Sameer Gadhia (vocals) - Jacob Tilley (guitar) - Eric Cannata (guitar/vocals) - Payam
Doostzadeh (bass) - Francois Comtois (drums/vocals)
The fourth album from Young the Giant, Mirror Master is a layered meditation on identity
in modern life, an emotionally charged look at the dangers of illusion and possibilities of
freedom. "Within one single day, we're all so many different people," says Gadhia, lead
vocalist for the L.A.-based band. "Especially with the use of social media, we're not just
living in the now - we're living on several different timelines simultaneously. At a time
when everyone wants to put each other in a box - culturally, socially, musically - we
wanted to show that there are a multitude of reflections inside everything. We don't
have to be a certain thing; we can contradict ourselves and show all these different
sides of who we are."
Mirror Master arrives as a continuation of Young the Giant's Home of the Strange, a
2016 album that found the band members shedding light on their shared experience as
immigrants or first-generation Americans. But in a departure from the externally focused
Home of the Strange - an album written entirely before Donald Trump emerged as a
presidential candidate - Mirror Master shifts perspective and joins in the post- election
reckoning faced by so many Americans. With the influx of social media use and public
attention to cultural issues in the country, people have been forced to see how their
actions, both good and bad, are reflected. "This record takes a lot of the concepts we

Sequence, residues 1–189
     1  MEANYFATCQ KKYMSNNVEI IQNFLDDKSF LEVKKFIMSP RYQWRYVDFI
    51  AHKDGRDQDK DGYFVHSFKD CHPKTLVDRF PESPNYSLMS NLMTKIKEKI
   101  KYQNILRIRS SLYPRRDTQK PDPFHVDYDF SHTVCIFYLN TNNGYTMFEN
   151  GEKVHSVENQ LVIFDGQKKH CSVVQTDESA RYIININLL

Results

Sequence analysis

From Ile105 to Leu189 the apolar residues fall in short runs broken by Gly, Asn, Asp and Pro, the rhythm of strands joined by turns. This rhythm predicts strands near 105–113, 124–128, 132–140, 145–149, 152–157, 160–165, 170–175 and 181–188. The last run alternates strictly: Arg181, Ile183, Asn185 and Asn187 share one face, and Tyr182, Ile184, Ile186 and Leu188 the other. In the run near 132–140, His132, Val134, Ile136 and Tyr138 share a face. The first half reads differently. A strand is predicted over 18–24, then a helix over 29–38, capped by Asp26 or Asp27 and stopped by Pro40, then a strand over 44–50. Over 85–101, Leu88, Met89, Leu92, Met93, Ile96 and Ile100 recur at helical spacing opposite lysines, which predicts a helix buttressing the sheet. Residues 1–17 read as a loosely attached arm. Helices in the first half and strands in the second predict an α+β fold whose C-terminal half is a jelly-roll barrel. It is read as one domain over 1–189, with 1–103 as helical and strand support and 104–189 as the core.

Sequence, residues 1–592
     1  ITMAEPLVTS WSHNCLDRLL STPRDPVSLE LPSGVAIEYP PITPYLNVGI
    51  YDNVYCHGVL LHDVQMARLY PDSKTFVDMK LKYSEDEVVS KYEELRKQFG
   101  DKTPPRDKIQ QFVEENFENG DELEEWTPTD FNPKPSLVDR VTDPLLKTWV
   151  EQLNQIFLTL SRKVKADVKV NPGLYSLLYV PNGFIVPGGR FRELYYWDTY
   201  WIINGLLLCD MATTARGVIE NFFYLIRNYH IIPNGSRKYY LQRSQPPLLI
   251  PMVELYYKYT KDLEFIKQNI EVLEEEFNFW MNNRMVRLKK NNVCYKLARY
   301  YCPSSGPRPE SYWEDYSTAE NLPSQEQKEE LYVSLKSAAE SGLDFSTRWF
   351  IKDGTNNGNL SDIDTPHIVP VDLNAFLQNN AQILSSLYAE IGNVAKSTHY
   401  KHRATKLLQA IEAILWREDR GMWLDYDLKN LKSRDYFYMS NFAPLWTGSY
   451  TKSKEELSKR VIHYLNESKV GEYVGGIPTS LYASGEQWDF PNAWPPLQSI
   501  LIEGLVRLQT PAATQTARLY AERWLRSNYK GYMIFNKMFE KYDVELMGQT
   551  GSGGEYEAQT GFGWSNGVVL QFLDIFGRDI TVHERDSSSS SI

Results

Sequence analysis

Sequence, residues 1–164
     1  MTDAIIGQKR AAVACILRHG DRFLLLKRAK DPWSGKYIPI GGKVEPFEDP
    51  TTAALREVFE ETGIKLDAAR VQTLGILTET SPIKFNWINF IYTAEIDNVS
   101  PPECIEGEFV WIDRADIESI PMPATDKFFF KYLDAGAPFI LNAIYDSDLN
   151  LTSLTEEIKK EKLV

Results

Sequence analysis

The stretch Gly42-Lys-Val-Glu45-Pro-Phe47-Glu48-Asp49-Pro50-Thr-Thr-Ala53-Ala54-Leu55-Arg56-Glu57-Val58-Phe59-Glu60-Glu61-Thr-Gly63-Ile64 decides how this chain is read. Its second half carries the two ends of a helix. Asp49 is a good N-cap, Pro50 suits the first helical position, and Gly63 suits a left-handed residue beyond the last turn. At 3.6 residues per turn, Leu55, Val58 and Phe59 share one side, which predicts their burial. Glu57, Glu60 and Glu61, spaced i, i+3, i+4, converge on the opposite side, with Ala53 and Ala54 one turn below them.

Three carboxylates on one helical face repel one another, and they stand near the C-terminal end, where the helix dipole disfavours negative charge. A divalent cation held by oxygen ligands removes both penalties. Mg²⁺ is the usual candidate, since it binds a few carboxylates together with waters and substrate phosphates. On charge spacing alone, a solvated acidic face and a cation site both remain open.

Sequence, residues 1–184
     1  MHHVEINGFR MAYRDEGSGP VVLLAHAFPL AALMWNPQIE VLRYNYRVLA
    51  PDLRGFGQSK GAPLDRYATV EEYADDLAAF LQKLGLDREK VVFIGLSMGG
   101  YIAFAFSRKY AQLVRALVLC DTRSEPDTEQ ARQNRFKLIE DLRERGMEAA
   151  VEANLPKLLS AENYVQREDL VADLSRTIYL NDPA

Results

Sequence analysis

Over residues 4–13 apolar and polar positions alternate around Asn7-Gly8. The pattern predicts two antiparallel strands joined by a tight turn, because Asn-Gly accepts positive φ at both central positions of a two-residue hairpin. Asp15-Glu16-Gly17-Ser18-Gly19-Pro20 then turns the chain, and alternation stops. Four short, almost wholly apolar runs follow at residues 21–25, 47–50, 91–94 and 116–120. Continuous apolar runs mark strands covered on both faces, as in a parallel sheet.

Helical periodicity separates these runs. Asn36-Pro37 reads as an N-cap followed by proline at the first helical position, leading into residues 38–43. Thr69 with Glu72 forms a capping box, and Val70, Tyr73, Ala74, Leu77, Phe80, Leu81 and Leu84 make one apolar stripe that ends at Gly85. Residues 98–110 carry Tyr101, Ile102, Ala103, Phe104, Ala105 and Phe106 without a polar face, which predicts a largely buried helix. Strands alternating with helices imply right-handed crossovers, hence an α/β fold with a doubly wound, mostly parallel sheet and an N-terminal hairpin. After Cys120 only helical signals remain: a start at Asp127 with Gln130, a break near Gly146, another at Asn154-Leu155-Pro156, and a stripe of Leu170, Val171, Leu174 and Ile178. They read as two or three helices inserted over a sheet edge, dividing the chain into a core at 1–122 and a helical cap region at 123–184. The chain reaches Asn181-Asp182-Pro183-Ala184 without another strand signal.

explored on the last album but plunges them inward," notes Gadhia. "It's about being
okay with yourself, especially in light of what's happened in the world in the last two
years, and realizing that there's something beyond that duality of right and left, black
and white. The space in-between is infinite."
In bringing Mirror Master to life, Young the Giant applied that sense of openness and
imagination to every aspect of the creative process. Working with producers like John
Hill (Santigold, Florence + the Machine), Alex Salibian (who worked on Home of the
Strange), and TV on the Radio's Dave Sitek, the band purposely upended songwriting
formula and took an intuitive approach to constructing each track, always emphasizing
substance over style. "With production you can dress up a song however you want, so
we made a point of not using that as a crutch," says Gadhia. "Instead of thinking about
the tonality so much, we just focused on what we wanted to say within the song."
Proving their instinctive ingenuity, Young the Giant ultimately created a genre-defying
and dynamic album, one that transforms the complexity of its themes into music with a
mesmerizing quality. Right from the opening track "Superposition," Mirror Master proves
untethered to the mundane, its ethereal textures merging with lyrics that capture the
cosmic destiny of a life-altering romance (e.g., "In any universe you are my dark star").
Fan favorite "Superposition" swiftly climbed the Alternative Radio charts, and eventually
held the #1 position for multiple weeks. Then, on "Simplify," Young the Giant switch
gears to offer up an anthem built on bold and buzzing guitar riffs. "The idea of 'Simplify'
is that while there's so much to deal with in this world, so much sensory overload at
every moment, being able to connect with someone you love at the end of day can
make everything so simple," says Gadhia.
With the release of Mirror Master, Young the Giant hope to offer not only unfettered
honesty, but the inspiration and encouragement to help listeners take charge of their
own narratives. "Even though it may all be an illusion, there's solace in that illusion,"
Gadhia says. "Because if you have control of anything at all, it's your own reflection,
how you treat people and how you walk through this life. Don't let people feed you what
they want you to think. Do what makes you happy, and realize and that all is good and
all is horrible and everything else in between."